Workshop on use of biochar held

Albert Futukpor, GNA

Tamale, Jan 24, GNA
– A stakeholders’ workshop to identify the next steps to ensure the success of
the Biochar project to improve agricultural production in the country has been

It was also to seek
inputs of stakeholders to inform further research on the use of biochar to
improve crop production to ensure food security and increased incomes for

The day’s workshop,
held in Tamale was attended by farmers, and representatives of research and
academic institutions, public sector agencies, civil society organisations and
the media.  

The Biochar project
is a research activity undertaken by the University of Reading, in the United
Kingdom (UK) in collaboration with the University for Development Studies (UDS)
and the Kwame Nkrumah University of Science and Technology with support from
Global Challenges Research Fund of the UK Government.

The project began in
the country last year and will end this year.

The project seeks to
demonstrate the benefits of the use of biochar and also show the problems to
encounter with its application for crop production.

Biochar is like
charcoal and it is produced by burning organic materials in the absence of
oxygen to get a carbonized material, needed to mitigate climate change, and
amends the acidic level of tropical soils to make them suitable for cultivation
of crops.

It has been proven
that the continued application of fertilizers to boost yields led to high
acidic levels in soils resulting in low yields, hence the need to use biochar
to amend the acidic level in soils or manage nutrients in the soils.

Professor Abdul
Halim Abubakari, Head of Department of Horticulture, UDS, who made a presentation
on the project at the workshop, spoke about the benefits of biochar, saying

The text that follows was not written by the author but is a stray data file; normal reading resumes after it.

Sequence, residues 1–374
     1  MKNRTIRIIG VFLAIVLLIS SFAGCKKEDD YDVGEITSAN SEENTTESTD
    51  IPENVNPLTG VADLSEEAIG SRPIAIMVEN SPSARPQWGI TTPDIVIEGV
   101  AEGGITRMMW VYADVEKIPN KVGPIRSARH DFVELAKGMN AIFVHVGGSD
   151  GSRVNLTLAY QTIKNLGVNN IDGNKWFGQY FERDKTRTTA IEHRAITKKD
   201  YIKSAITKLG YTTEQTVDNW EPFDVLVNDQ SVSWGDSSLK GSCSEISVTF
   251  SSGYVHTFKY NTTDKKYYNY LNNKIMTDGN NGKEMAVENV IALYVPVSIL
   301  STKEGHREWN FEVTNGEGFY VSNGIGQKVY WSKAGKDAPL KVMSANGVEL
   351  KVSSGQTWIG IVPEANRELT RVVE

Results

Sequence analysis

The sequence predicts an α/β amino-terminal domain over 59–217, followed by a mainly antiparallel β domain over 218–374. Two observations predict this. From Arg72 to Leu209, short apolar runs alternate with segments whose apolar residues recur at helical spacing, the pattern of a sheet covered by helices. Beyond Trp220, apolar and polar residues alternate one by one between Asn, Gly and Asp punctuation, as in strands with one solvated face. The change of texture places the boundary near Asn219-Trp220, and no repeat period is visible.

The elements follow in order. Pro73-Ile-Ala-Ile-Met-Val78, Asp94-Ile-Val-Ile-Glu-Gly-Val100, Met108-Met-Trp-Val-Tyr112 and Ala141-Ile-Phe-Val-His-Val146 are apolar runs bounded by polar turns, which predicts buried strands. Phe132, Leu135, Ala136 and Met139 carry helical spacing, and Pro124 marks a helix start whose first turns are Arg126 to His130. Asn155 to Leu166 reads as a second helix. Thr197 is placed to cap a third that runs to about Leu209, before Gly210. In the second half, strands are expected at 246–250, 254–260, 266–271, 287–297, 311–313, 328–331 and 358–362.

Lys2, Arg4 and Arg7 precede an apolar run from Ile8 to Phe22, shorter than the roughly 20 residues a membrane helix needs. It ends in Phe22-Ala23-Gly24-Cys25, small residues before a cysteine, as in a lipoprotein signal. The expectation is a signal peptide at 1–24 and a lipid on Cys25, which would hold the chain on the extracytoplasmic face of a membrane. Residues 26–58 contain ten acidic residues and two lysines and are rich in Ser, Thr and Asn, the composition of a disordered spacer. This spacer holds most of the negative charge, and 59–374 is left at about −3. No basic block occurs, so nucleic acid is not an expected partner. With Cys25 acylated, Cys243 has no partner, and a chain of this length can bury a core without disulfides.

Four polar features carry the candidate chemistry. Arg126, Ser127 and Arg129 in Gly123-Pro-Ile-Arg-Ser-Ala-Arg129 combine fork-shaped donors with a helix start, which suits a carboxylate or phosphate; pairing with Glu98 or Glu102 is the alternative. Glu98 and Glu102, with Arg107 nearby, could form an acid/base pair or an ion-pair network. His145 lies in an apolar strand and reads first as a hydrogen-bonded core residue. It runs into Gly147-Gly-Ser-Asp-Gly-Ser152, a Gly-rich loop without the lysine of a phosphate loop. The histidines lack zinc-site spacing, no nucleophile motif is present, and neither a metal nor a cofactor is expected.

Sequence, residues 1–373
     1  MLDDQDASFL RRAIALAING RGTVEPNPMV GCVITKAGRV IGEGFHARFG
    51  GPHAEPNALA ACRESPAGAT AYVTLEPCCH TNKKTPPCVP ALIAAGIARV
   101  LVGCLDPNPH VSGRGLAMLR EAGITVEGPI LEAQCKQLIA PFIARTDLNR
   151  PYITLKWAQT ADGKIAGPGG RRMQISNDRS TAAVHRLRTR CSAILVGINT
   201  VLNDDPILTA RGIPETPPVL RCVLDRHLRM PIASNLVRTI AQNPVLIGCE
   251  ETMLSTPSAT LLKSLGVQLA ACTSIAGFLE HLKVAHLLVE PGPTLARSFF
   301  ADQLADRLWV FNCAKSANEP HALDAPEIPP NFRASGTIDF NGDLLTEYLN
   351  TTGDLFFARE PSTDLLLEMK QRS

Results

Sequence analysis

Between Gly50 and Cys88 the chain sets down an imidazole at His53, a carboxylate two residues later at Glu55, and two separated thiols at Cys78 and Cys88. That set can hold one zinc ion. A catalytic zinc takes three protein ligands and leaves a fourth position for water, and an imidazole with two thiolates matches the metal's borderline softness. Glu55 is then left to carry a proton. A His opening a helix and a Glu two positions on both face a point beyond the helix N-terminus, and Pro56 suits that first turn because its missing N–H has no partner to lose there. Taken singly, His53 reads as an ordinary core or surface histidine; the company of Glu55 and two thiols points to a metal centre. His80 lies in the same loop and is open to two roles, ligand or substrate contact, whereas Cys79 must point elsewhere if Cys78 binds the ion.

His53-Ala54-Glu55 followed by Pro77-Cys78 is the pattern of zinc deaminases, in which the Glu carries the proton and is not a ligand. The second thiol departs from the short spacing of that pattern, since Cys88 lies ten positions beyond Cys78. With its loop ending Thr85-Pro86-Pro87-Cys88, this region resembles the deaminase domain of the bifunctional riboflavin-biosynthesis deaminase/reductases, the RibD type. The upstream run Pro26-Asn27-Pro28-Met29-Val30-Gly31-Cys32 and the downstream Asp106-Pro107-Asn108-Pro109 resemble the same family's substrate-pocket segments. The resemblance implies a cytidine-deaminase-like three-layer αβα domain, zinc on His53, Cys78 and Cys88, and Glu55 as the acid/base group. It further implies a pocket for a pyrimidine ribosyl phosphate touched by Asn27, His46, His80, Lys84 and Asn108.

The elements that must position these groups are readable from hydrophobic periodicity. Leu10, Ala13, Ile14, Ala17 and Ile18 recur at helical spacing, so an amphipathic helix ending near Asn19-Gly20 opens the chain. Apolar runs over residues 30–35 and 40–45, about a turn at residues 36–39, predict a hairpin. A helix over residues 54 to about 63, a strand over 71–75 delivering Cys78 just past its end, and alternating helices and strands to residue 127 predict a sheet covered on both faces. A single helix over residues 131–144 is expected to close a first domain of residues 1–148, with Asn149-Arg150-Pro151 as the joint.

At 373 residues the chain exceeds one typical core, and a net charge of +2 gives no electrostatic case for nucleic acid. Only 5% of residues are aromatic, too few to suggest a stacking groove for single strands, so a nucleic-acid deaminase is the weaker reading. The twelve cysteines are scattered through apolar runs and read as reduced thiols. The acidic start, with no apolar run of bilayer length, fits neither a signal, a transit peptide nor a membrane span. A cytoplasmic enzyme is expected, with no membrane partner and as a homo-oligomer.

“when you apply biochar, you do not need a lot of fertilizers” for crops to do

Professor Abubakari
said “biochar also conserves moisture in the soil and regulates soil
temperature”, which was necessary for crop production emphasising on the need
for farmers to know the acidic level in soils before applying biochar.

He said as part of
the project, policy makers and the business community were being engaged to see
how to support farmers to produce biochar in large quantities to support
agricultural production in the country.

He, therefore, urged
farmers to continue to link up with the project implementers and the Regional
Department of Agriculture as they undertook the project for their (farmers)

Dr Tom Sizmur,
Lecturer in Environmental Chemistry, Department of Geography and Environmental
Science, University of Reading, who is the Principal Investigator under the
Biochar project, said the findings of the research would be used to apply for
funds for a larger research project in the area.

Madam Hawa Musah,
Northern Regional Director of the Department of Agriculture, whose speech was
read on her behalf, described the project as important, especially in the face of
climate change and the need for smart agriculture saying it would help to
improve the quality of crop production in the country.

Mr Zakaria
Abdul-Rashid, Executive Director of Urbanet called on farmers and policy makers
to support the project in view of its enormous benefits to agricultural
production in the country.

Farmers were
concerned about how the adoption of the biochar technology would affect
marketing of their crops.


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